BOOK REVIEW: The Shortest History of India by John Zubrzycki

MELBOURNE, 21 March 2023: Writing an estimated 5,000 years of history in 278 pages is no mean feat. But this is what Australian journalist and now academic, John Zubrzycki (JZ) has done. A prominent journalist and trade union leader in India M. Chalapathi Rao once defined journalists as historians in a hurry. This seems to fit well for JZ, whose ‘The Shortest History of India’ published by Black Inc., an imprint of Schwarz Books Pty Ltd., Collingwood, Victoria, Australia, in ten chapters cruises centuries step by step across the subcontinent. The past is constructed with facts and passion.

If you have earlier never read history (or, India’s history) then this could be your viable bet. But then writing history has always been controversial. E. H. Carr says the facts of history are simply those historians have chosen to focus on. All historical facts come to us as a result of interpretive choices by historians influenced by the standards of their age. No doubt, Indian history has its controversies with different ways methodologies of writing or interpreting historical facts. James Mill never went to India and wrote the History of India (three volumes) in early 1818, through the colonial prism.

Anyway, let’s come to the book. It’s 10 chapters that fit well in the Ancient, Medieval and Modern mode. The first three chapters (Ancient) are Lost Civilisations, Religious Revolutionaries, The Classical Age, the next four (Medieval) are The Coming of Islam, The Magnificent Mughals, Merchants and Mercenaries and The Lightening of the Fuse. The last three chapters (Modern) are The Long Road to Freedom, Creating the Nation State and A New India.

You get a bit of everything in this short history of India. For, example ” Despite discrimination on the basis of caste being illegal under the constitution, it remains a defining feature of Indian society.” No doubt, news outlets and social media often report discrimination and atrocities against the Dalits. Discussing Buddha, an  interesting observation – “The debate over whether Buddhism is a religion or a philosophy is still ongoing.”

About the Muslim rulers, the author says, they were pragmatists ruling over a Hindu population spread across the subcontinent. And, “From ruler to ruler, dynasty to dynasty, Islam swung between being inclusive and iconoclastic, but at no time was there any attempt at mass conversion.” And, ” Conquest was more about commerce that conversion.”

” The characterisation of Muslim rulers as destructive and despotic was popularised by the British in the nineteenth century onwards in order to justify their rule as just and benevolent. The communal friction that erupted between Hindu and Muslims around the time of Indian independence, and has simmered ever since, was largely absent during the period when Muslim dynasties were the most powerful force in India, ” the writer says. These words, I am sure, will not go down well with many including those in power now.

The British takeover is well documented with the East India Company (EIC) and the Crown taking over on 1 November, 1858, with the British Parliament passing the Government of India Act transferring power from the EIC to the Crown. ” The company closed for trade in 1874 ‘unhonoured and unsung”.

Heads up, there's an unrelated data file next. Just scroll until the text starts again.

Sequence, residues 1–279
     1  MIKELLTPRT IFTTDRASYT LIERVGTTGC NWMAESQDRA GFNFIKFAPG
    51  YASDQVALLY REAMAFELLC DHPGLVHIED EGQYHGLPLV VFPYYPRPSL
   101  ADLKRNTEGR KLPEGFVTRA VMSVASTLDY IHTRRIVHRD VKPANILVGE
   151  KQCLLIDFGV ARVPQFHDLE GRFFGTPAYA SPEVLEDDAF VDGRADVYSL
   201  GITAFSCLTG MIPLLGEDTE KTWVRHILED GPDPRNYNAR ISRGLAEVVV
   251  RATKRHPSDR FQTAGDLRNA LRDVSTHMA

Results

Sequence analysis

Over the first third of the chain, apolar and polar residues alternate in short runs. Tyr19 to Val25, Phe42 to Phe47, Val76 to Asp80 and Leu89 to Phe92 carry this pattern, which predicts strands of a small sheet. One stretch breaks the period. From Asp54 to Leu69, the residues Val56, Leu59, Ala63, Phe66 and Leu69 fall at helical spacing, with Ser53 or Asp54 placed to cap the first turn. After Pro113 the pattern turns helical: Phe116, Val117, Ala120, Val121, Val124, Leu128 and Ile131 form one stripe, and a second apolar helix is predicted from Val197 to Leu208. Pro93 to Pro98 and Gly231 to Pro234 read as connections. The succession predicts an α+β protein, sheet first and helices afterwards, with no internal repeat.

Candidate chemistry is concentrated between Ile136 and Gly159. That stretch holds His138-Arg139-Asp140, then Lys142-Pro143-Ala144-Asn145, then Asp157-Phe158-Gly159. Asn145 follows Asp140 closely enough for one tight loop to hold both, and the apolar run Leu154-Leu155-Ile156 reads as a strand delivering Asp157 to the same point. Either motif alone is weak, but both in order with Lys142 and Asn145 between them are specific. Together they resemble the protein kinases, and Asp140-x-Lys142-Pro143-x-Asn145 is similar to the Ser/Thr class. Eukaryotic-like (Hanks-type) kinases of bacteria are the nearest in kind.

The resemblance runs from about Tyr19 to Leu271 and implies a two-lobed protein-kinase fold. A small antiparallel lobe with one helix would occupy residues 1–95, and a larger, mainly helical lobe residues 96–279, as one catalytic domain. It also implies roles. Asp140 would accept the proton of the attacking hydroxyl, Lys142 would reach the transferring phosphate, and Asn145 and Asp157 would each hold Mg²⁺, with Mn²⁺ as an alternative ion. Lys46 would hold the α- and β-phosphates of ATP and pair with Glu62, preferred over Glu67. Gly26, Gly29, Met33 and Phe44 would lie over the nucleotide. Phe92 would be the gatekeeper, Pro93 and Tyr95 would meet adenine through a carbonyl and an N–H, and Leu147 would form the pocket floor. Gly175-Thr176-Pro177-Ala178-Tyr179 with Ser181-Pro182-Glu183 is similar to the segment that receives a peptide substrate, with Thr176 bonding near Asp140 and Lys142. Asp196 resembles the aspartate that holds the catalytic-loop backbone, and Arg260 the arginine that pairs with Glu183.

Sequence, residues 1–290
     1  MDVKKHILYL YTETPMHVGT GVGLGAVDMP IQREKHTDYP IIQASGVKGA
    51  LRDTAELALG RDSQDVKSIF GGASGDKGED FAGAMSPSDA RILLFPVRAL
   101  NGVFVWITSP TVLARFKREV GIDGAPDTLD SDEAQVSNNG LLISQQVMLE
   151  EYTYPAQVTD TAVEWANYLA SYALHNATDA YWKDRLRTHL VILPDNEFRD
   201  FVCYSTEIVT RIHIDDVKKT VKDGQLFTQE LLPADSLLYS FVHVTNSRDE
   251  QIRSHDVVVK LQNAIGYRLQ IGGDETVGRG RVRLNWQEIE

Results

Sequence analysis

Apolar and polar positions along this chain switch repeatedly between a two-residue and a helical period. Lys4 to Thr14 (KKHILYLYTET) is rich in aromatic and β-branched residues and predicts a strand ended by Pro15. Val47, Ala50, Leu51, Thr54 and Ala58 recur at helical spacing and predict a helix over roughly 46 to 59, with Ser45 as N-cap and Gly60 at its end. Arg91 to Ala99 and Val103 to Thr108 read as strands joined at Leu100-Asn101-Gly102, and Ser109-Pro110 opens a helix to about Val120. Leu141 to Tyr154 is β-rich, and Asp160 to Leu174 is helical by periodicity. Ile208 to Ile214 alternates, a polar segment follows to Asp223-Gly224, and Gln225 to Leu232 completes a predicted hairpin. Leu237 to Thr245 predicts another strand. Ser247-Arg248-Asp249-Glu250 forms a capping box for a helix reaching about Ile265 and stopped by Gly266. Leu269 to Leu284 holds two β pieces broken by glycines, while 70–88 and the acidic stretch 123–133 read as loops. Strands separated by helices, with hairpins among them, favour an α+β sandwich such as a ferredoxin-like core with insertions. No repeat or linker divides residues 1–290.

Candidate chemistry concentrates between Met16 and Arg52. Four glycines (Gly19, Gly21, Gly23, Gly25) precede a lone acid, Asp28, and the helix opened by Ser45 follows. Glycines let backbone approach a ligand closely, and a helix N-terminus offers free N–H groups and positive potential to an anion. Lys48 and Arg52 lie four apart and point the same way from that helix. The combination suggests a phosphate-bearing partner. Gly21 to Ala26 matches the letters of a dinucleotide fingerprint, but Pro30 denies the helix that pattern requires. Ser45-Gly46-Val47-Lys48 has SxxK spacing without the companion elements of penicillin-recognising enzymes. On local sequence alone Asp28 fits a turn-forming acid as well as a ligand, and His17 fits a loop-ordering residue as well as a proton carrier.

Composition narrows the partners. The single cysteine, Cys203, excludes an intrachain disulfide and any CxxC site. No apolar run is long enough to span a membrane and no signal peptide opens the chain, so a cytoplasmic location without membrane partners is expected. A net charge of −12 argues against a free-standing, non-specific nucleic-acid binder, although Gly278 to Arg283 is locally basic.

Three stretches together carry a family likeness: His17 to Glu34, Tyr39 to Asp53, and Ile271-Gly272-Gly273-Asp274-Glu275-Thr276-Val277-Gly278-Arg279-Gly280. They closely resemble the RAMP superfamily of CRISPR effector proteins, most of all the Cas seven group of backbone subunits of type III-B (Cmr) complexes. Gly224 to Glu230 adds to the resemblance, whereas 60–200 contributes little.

The Chapter Long Road to Freedom details the country’s freedom movement, its towering leaders Gandhi and Nehru leading up to the ‘tryst with destiny’ in 1947, the tragedy of partition amid the ensuing communal  violence, killing and the formation of Pakistan. In fact, credit goes to John Zubrzycki for summarising this period in 33 pages. People have written hefty volumes on the subject as new interpretations and revelations keep emerging.

The last two chapters on the post-independence period politics and the current period (2014 and 2019 onwards), when the Hindu nationalist BJP came to power are deeply analysed. ” The 2014 elections were a watershed moment for India,” the author says.

The author calls the BJP’s 2019 victory an aberration. And says, “But the size of the Modi’s victory also raised fears of ‘democratic dictatorship’ or a version of ‘bureaucratic authoritarianism’ taking hold of the political landscape, particularly as it rested on a highly personalised leadership.”  In today’s ideological and politically polarised India, this view, will be seen from the prism of which side of the fence one is. The 2024 elections are not far away.

I have skipped, in this review, a lot of history, despite it being a short one. The reason being, I want people to read this publication and if possible have a look at the ‘Suggested Reading’ on pages 263 and 264.

So, what about A ‘New India’? John Zubrzycki’s concludes, ” The Indian experiment is at once inspirational and flawed, tackling challenges such as growing inequality and authoritarianism and providing a model to the world. ”

“Ultimately, India’s present and its future lie not in the hands of its politicians or its priests, but those of its people: the rural poor who are prepared to save every rupee they can to invest in their children’s education, the restless youth who aspire to better quality life; the vibrant middle class and its increasingly demanding accountability from elected officials; the dynamic diaspora that is showcasing India’s talent to the world.”

Follow South Asia Times (SAT) on Twitter.

By Neeraj Nanda

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